Finally, as a game-specific downside, it’s quite possible to do an amazing job as a graphics programmer, and still ship a title that doesn’t succeed. Graphics is one component of many, and will often not lie directly on the critical path to success.

What are the prerequisites?

While doing research-level graphics work is certainly not for the faint of heart, you certainly don’t need all that mathematical machinery to get started. At a minimum, I would suggest you:

  • Have a decent grasp of C++ (the “lingua franca” of graphics programming)
  • Grok linear algebra to a certain degree

While you can certainly learn graphics programming with whatever programming language you please, inevitably, you will run into projects, work, or research authored in C++. That’s not going to change any time soon, so make of that what you will. (I have little interest in waging programming language wars, and if I did, I suspect I’d be in a different line of work entirely). Learning and using C++ is a pragmatic decision that will get you to pushing triangles and textures through a GPU to your screen, and even if you know you’ll be working on a non-C++ project, it will still be useful to read work authored in C++ by others.

By “grok linear algebra,” I just mean that you understand matrices as composable linear maps, which you’ll initially use to model everything in the scene (camera, objects, light sources, etc.). Your bread-and-butter matrices will typically be orthogonal transforms and projections (or compositions thereof).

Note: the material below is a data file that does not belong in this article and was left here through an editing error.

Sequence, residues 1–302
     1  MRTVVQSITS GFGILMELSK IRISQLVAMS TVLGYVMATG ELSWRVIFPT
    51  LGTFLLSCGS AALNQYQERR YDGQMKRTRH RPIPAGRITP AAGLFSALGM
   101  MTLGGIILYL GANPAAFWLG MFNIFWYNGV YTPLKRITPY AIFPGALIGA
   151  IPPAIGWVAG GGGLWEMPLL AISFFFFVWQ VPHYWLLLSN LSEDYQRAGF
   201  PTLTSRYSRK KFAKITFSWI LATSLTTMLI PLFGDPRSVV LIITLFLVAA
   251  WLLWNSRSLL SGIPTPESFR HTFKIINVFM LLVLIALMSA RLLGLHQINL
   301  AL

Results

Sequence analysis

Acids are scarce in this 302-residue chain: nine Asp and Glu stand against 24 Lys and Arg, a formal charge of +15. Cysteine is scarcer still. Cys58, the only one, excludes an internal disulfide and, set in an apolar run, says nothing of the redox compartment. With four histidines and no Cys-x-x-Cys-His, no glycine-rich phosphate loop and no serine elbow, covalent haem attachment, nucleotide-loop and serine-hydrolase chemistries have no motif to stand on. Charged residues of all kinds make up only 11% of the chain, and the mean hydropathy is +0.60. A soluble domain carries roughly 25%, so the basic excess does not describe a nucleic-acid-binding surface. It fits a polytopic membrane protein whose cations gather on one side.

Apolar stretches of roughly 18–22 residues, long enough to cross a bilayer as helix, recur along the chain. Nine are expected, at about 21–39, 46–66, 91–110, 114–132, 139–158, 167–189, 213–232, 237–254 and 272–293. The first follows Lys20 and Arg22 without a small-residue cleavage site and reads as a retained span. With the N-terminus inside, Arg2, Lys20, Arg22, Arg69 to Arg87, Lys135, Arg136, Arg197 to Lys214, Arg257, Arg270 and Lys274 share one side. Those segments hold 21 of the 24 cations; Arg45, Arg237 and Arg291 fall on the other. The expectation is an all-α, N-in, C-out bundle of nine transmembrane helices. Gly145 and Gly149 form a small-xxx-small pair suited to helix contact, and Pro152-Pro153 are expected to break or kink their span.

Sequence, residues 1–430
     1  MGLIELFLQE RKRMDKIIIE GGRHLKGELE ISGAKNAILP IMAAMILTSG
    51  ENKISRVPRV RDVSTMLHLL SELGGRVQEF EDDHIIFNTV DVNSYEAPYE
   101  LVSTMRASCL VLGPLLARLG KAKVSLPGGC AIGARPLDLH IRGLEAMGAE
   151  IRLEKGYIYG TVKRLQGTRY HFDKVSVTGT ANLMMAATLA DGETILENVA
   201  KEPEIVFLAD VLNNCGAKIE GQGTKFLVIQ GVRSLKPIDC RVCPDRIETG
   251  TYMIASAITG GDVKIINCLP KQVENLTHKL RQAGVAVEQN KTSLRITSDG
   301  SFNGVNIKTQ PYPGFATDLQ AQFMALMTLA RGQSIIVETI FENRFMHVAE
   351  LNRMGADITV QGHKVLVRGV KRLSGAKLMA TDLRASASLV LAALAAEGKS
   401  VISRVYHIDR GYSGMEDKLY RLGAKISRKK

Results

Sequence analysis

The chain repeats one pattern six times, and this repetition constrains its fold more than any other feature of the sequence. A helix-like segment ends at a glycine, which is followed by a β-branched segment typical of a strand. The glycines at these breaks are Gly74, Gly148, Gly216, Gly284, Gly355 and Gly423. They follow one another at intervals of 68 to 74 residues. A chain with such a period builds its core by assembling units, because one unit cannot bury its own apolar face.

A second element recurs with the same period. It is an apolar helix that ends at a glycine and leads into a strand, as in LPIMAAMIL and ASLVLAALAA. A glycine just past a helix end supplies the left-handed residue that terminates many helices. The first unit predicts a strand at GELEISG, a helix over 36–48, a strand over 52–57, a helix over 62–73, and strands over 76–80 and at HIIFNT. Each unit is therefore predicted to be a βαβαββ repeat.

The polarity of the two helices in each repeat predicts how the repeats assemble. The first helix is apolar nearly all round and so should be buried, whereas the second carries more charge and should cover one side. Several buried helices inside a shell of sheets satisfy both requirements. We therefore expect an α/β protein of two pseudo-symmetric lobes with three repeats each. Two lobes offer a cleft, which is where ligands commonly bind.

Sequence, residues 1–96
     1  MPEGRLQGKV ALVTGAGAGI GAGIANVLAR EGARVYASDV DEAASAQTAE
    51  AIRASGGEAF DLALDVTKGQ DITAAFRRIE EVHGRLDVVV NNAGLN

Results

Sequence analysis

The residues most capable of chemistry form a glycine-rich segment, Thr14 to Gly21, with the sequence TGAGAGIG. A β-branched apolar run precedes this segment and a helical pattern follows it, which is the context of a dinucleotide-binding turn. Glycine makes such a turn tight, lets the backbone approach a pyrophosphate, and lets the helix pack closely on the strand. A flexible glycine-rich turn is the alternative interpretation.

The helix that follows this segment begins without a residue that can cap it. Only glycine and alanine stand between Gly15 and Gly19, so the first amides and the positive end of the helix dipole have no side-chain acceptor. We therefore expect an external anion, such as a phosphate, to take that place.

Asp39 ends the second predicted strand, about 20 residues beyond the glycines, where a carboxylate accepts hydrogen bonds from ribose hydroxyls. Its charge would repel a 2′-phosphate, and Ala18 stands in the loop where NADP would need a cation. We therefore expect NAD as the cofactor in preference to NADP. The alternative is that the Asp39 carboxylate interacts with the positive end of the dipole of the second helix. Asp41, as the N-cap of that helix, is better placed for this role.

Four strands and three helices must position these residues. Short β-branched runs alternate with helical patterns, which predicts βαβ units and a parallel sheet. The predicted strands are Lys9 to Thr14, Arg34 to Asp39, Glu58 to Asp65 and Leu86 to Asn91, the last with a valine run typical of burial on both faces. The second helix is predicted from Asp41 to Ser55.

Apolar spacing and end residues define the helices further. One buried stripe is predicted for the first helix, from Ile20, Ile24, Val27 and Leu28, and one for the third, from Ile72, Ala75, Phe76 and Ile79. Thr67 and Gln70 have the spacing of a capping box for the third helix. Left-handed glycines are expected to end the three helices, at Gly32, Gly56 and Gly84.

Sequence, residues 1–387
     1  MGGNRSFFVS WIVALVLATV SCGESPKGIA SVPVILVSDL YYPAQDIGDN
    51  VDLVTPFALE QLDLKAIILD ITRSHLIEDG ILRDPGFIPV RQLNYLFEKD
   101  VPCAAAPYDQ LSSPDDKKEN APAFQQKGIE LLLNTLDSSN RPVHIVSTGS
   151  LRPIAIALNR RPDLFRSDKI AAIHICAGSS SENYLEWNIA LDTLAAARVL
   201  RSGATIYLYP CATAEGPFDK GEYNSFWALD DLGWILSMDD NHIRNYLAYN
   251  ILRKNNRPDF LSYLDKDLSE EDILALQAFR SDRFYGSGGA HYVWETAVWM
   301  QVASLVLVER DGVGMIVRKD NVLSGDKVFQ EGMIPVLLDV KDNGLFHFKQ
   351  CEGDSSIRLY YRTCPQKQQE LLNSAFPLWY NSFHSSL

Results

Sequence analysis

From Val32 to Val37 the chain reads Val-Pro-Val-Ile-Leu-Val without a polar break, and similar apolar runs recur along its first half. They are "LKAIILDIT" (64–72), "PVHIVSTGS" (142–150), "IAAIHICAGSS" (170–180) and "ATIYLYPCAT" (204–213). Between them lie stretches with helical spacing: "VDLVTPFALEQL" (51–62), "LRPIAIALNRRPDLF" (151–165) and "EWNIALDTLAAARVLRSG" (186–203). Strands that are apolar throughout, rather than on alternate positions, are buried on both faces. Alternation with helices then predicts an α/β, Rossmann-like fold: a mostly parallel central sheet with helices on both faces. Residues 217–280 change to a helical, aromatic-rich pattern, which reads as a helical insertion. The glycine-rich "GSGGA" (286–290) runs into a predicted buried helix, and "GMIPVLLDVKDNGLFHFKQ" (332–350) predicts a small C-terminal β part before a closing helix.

It’s certainly helpful but not required to have a decent grasp of calculus as well. Derivatives and integrals show up all over the place in computer graphics. Derivatives are often taken using finite differences to filter textures. We use them also to compute surface orientations and define surface parameterizations. The rendering equation itself is an integral (a multidimensional recursive one at that), and more specialized integrals abound for solving specific cases, like approximating an environment light computation, subsurface scattering, cloud or fluids rendering, and more.

What are the hallmarks of a good graphics engineer?

This is a broad enough question to warrant a dedicated post, but aside from general traits any good engineer should possess, excellent graphics engineers tend to exhibit other traits:

Ability to reason about deep pipelines